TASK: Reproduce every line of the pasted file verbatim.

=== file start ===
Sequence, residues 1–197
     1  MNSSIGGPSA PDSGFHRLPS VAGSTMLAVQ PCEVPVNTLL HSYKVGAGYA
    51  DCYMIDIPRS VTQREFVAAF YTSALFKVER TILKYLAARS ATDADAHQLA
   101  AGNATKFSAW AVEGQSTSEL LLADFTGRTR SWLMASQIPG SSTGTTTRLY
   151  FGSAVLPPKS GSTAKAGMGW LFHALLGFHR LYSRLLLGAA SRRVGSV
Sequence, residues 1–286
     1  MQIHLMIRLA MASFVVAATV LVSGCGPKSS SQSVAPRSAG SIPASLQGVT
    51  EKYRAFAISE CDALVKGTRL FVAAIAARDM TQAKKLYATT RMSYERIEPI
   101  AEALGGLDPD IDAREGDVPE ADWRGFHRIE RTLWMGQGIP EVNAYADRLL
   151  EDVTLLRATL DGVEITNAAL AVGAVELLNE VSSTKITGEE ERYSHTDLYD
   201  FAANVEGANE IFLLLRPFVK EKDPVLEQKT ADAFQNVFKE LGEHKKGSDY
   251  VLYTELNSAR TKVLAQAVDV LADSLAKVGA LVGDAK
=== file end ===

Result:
Sequence, residues 1–197
     1  MNSSIGGPSA PDSGFHRLPS VAGSTMLAVQ PCEVPVNTLL HSYKVGAGYA
    51  DCYMIDIPRS VTQREFVAAF YTSALFKVER TILKYLAARS ATDADAHQLA
   101  AGNATKFSAW AVEGQSTSEL LLADFTGRTR SWLMASQIPG SSTGTTTRLY
   151  FGSAVLPPKS GSTAKAGMGW LFHALLGFHR LYSRLLLGAA SRRVGSV
Sequence, residues 1–286
     1  MQIHLMIRLA MASFVVAATV LVSGCGPKSS SQSVAPRSAG SIPASLQGVT
    51  EKYRAFAISE CDALVKGTRL FVAAIAARDM TQAKKLYATT RMSYERIEPI
   101  AEALGGLDPD IDAREGDVPE ADWRGFHRIE RTLWMGQGIP EVNAYADRLL
   151  EDVTLLRATL DGVEITNAAL AVGAVELLNE VSSTKITGEE ERYSHTDLYD
   201  FAANVEGANE IFLLLRPFVK EKDPVLEQKT ADAFQNVFKE LGEHKKGSDY
   251  VLYTELNSAR TKVLAQAVDV LADSLAKVGA LVGDAK